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Old 09-27-10, 01:17 PM   #1
MrAloc
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Stuck seatpost problems.

Hello,

First of all, many thanks to all very knowledgeable users who through their posts have provided me with many good tips and advice.

Now on to my problem, a stuck aluminium seatpost (27,2 mm Dura-Ace) in a carbon frame. The seatpost is inserted about 14 cm in the frame.

When problem was first encountered I never imagined the headaches this would cause. I first tried twisting/pulling with all the power I could come up with. Tried to use saddle for leverage, only resulting in top bit rotating in the post (press fitted clamp bit).

By this stage I was getting frustrated and moved on to chemicals, etc. Some of which I should probably have avoided due to CF (WD40, lubricating oil, Coca Cola and ammonia). These where all applied through waterbottle bolthole using a "pipette" but without success.

I then had to bite the bullet and sacrifice the nice post, which I have been cutting/filing for about two weeks. I can't believe how tough this post is. The outer shiny layer will not break and I do not want to risk the frame, any advice?

Would say about 50% of post material has been removed, problem with hacksaw blades is to make the cut equally deep all the way down. Post has been cut/filed down in places 3/4 around the post.

Atleast I am a stubborn bastard and in the worst case scenario I will end up filing it all out, will probably take another couple of weeks.

Already at this stage I have ended up with LOADS of filings in the seattube which I plan to remove by turning frame upside down/hoovering out. Could this have damaged my Dura-Ace BB (BC 1,37 68)? Will this have to be removed and cleaned/replaced?

If/when post is removed it will be replaced with carbon post (carbon in carbon), what is the best to do regarding grease/copper paste? I never want to have to experience this again.

Any advice will be greatly appreciated, I can't wait to get back on the roads.

Last edited by MrAloc; 09-27-10 at 02:26 PM.
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Old 09-27-10, 03:07 PM   #2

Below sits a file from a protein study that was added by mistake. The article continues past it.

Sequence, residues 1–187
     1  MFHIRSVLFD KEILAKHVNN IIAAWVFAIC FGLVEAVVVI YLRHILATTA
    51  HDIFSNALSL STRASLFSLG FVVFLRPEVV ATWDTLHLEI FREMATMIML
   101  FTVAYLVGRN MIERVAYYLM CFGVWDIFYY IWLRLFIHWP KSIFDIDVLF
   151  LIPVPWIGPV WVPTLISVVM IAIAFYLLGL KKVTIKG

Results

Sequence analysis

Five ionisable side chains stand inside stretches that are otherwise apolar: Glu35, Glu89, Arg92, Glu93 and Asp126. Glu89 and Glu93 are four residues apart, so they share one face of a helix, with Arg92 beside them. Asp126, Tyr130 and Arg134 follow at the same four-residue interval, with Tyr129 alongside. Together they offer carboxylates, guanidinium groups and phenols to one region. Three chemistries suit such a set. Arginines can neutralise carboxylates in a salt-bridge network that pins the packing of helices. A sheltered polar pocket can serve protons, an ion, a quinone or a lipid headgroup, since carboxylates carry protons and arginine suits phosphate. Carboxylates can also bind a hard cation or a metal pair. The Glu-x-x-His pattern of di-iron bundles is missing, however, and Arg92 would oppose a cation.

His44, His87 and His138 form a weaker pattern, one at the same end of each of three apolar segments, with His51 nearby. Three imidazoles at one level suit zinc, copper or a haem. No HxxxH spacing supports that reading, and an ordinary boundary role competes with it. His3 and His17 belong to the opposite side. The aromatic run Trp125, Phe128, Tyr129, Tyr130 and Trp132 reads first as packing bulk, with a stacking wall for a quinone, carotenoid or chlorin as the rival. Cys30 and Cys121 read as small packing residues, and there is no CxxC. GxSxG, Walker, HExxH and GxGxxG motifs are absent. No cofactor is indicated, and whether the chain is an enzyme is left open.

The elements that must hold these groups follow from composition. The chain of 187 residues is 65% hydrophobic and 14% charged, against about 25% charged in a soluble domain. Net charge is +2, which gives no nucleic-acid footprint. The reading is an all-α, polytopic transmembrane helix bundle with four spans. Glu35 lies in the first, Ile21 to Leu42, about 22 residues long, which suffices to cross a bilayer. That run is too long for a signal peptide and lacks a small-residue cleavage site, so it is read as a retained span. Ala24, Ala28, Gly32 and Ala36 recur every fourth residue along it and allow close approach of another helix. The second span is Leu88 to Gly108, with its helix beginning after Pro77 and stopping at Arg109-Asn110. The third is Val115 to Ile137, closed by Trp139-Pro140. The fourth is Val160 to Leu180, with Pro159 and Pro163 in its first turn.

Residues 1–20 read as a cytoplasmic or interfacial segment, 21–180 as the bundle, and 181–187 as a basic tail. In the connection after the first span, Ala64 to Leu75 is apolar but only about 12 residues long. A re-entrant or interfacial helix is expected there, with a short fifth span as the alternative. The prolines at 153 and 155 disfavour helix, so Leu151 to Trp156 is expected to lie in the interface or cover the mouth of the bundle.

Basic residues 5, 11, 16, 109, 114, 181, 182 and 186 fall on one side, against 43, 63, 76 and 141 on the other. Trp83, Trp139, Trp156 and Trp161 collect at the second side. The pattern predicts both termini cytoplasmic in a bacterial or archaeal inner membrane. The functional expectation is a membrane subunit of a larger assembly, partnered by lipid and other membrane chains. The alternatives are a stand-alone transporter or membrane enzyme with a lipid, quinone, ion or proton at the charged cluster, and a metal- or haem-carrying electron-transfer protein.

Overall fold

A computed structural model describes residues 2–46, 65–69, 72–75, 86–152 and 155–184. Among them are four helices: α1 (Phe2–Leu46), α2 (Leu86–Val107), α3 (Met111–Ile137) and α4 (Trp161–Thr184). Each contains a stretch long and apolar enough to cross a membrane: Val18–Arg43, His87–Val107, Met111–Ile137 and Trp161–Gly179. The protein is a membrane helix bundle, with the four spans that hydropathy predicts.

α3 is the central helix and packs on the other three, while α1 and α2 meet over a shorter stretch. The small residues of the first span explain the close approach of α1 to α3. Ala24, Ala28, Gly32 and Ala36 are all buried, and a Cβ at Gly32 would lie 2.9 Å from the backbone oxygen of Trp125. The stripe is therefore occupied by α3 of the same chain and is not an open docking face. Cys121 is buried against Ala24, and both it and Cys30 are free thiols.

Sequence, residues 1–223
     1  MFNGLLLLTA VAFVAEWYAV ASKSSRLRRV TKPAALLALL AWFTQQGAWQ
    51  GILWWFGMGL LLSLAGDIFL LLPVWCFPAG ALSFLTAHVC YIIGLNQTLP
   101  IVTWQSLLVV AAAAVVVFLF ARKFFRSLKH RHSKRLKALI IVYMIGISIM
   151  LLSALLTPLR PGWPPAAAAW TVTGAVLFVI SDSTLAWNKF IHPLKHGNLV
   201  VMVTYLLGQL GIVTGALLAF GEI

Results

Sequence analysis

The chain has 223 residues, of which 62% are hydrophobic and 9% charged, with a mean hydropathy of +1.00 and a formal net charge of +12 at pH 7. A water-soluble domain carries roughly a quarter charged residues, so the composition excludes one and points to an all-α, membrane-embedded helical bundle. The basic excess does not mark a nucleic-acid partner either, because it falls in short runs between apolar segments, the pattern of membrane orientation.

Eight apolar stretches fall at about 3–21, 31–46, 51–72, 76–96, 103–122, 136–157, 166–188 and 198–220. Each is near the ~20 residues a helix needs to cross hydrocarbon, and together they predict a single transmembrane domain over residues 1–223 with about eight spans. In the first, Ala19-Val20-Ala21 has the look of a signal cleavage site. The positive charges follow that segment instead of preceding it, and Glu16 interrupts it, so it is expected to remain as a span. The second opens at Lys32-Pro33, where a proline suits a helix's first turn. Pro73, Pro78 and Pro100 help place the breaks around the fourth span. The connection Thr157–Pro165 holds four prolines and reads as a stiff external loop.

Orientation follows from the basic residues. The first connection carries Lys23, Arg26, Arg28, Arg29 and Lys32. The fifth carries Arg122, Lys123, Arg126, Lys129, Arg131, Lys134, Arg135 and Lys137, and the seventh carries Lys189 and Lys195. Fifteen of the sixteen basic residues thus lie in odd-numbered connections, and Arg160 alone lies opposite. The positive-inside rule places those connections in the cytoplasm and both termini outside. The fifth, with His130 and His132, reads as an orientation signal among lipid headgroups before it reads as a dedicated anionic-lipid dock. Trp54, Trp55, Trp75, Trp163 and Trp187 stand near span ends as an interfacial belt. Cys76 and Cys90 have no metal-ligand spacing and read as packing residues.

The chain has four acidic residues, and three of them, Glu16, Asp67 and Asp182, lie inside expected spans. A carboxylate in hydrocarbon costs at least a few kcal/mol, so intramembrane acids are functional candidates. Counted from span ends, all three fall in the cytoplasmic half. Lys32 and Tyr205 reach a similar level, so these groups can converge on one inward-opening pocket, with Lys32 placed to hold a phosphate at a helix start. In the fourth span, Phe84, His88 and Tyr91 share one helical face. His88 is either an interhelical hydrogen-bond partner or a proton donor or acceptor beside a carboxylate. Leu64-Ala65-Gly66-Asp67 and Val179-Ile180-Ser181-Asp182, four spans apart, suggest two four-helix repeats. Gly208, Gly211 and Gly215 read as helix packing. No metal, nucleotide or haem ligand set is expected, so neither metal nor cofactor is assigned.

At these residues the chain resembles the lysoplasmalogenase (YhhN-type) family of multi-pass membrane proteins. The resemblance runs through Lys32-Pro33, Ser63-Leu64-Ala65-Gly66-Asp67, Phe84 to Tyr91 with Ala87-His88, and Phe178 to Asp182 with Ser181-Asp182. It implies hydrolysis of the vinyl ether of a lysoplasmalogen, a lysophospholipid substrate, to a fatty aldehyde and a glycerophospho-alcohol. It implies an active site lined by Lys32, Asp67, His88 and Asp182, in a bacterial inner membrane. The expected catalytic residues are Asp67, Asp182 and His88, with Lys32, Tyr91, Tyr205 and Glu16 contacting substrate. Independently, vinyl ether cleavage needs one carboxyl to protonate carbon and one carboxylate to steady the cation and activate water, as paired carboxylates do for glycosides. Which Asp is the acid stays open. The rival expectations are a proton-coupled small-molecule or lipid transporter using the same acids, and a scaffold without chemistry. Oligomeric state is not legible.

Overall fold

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I understand how you feel about using chemicals and CF , but the best one to use here was /is ammonia, not what you buy at the supermarket but at the hardware store, it stonger stuff, which would of breaking the bond and allow the post to come out. it should have been apply at the top of the fame where the post goes in ,tap with a rubber hammer to get it to work it way in. as long you clean it out no it wouldn't hurt the BB. you will need to lube the post with something like paste
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Old 09-27-10, 03:43 PM   #3
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Originally Posted by bikeman715 View Post
I understand how you feel about using chemicals and CF , but the best one to use here was /is ammonia, not what you buy at the supermarket but at the hardware store, it stonger stuff, which would of breaking the bond and allow the post to come out. it should have been apply at the top of the fame where the post goes in ,tap with a rubber hammer to get it to work it way in. as long you clean it out no it wouldn't hurt the BB. you will need to lube the post with something like paste

I tried to apply from top as well but it didn't seem to want to work it's way in (very tight fit). Obviously apply from beneath would require quite some quantity to allow hollow post to fill up before it making it's way in-between post and frame.

In the UK it is difficult to get hold of ammonia, not sure why? Belive it could be used in making explosives? Do not think drug usage is the reason? Managed to get some 9.5% strength ammonia after trying several chemists and as far as I understand anything above 10% won't be available.

I have investigated grease, paste, etc. usage on carbon and many people seems to think this brakes the CF down?

Anyway, at this stage it seems to be a problem for the future but will seek advise at LBS.

Thanks for your answers.
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Old 09-27-10, 03:44 PM   #4
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I tried to apply from top as well but it didn't seem to want to work it's way in (very tight fit). Obviously apply from beneath would require quite some quantity to allow hollow post to fill up before it making it's way in-between post and frame.

In the UK it is difficult to get hold of ammonia, not sure why? Belive it could be used in making explosives? Do not think drug usage is the reason? Managed to get some 9.5% strength ammonia after trying several chemists and as far as I understand anything above 10% won't be available.